Anne-Laure Fayard and Anca Metiu, ESSEC
In this paper, we elaborate on the literacy theories’ premise that writing is a fundamental communication modality and investigate the central role played by written communication in knowledge sharing and development. Through an analysis of historical correspondences in two distributed settings – a large multinational company and a scientific collaboration – we identify four mechanisms – objectifying, addressing, reflecting and specifying – through which writing enables the development of an organizational memory and of new knowledge. These mechanisms are critical to revitalizing scholars’ conception of the role of writing in knowledge sharing and creation, and provide a constructive way of reconciling conflicting claims and findings regarding the capabilities of written forms of communication in conveying and developing rich, complex, nuanced knowledge. They also offer productive ways for analyzing current communicative practices and potential implications for knowledge sharing and development.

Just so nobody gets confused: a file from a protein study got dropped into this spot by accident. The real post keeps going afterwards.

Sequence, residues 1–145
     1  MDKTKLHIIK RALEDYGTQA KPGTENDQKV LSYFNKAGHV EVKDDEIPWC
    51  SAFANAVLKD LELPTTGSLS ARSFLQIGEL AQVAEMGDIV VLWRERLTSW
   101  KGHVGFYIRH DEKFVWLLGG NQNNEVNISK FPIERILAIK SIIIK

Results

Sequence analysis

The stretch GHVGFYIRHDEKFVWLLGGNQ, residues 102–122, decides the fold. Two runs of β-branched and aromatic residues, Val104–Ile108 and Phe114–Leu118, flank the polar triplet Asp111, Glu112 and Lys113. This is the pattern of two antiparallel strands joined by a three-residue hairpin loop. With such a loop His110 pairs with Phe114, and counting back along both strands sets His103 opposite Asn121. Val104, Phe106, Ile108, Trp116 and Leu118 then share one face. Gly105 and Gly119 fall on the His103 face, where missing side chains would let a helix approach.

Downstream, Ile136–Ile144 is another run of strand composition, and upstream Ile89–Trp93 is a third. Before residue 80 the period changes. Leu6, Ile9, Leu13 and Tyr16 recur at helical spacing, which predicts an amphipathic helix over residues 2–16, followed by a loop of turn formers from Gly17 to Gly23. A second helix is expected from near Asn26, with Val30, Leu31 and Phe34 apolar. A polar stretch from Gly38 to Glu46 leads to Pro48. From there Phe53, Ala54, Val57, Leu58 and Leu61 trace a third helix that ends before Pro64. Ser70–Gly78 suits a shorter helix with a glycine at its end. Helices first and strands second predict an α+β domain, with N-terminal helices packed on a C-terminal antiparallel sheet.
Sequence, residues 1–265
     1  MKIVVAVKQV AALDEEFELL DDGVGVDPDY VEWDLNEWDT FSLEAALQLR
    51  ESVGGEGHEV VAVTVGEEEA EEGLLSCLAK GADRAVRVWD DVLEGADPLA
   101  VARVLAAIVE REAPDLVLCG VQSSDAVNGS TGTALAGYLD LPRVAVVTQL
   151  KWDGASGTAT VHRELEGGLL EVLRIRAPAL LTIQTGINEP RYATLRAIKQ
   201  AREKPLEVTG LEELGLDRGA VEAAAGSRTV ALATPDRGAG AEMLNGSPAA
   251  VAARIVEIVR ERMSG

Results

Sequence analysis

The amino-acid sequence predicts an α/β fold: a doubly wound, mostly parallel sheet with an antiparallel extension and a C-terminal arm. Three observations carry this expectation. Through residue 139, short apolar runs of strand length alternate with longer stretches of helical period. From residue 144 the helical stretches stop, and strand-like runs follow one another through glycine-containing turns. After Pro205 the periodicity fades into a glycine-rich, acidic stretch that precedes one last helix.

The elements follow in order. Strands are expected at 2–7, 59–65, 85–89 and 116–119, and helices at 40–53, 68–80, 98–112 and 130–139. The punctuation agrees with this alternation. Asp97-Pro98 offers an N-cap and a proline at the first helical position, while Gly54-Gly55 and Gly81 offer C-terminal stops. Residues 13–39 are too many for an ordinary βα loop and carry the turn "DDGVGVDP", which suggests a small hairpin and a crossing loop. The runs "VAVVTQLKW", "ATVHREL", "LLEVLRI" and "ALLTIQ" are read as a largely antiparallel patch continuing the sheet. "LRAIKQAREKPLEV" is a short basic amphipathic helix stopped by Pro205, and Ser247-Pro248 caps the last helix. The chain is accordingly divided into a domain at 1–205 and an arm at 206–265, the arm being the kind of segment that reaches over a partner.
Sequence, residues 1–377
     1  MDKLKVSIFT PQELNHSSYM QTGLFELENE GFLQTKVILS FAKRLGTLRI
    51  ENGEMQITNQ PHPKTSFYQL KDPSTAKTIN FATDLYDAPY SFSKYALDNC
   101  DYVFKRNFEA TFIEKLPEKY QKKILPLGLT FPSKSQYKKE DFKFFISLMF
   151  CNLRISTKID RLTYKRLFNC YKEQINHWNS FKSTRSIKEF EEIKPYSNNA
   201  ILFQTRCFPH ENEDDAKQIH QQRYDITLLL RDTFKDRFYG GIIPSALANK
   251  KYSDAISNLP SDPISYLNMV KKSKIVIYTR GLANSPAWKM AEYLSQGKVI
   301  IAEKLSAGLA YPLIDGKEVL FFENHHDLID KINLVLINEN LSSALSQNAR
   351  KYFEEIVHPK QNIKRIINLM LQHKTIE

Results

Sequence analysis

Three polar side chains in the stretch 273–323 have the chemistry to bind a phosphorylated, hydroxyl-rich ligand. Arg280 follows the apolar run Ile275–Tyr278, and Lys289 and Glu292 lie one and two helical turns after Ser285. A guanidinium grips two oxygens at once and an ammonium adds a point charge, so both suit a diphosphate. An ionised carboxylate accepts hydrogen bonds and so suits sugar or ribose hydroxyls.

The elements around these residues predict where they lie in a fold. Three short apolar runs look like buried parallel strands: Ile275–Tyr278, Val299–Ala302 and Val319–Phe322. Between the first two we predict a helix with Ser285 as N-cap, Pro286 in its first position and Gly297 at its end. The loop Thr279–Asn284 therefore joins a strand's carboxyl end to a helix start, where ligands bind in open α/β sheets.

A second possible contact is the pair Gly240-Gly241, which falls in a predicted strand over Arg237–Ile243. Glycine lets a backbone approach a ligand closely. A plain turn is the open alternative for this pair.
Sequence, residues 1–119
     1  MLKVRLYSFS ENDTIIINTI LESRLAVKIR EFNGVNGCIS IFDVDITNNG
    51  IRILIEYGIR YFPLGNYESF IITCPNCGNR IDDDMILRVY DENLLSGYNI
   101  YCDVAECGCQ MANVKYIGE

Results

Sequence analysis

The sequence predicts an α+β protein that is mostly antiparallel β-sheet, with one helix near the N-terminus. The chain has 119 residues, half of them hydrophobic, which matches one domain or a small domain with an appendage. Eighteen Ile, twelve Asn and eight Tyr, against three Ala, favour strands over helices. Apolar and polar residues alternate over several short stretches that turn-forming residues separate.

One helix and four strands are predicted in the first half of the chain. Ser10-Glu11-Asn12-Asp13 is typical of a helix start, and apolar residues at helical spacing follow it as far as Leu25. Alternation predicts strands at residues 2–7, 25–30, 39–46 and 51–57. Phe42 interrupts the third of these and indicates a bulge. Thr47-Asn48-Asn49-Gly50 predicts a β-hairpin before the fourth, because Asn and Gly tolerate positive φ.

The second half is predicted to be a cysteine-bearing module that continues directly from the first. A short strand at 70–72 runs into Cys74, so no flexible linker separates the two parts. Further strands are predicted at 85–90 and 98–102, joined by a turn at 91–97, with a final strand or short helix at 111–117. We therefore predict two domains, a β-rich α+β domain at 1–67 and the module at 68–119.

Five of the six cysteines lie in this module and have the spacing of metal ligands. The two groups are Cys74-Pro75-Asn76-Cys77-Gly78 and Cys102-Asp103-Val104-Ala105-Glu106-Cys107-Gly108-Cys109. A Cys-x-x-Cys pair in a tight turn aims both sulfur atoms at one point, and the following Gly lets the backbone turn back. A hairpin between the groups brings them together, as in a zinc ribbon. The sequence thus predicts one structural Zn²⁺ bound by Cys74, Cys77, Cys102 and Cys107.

Keywords: writing; knowledge sharing; knowledge development; organizational communication; literacy theory; discourse analysis; letters.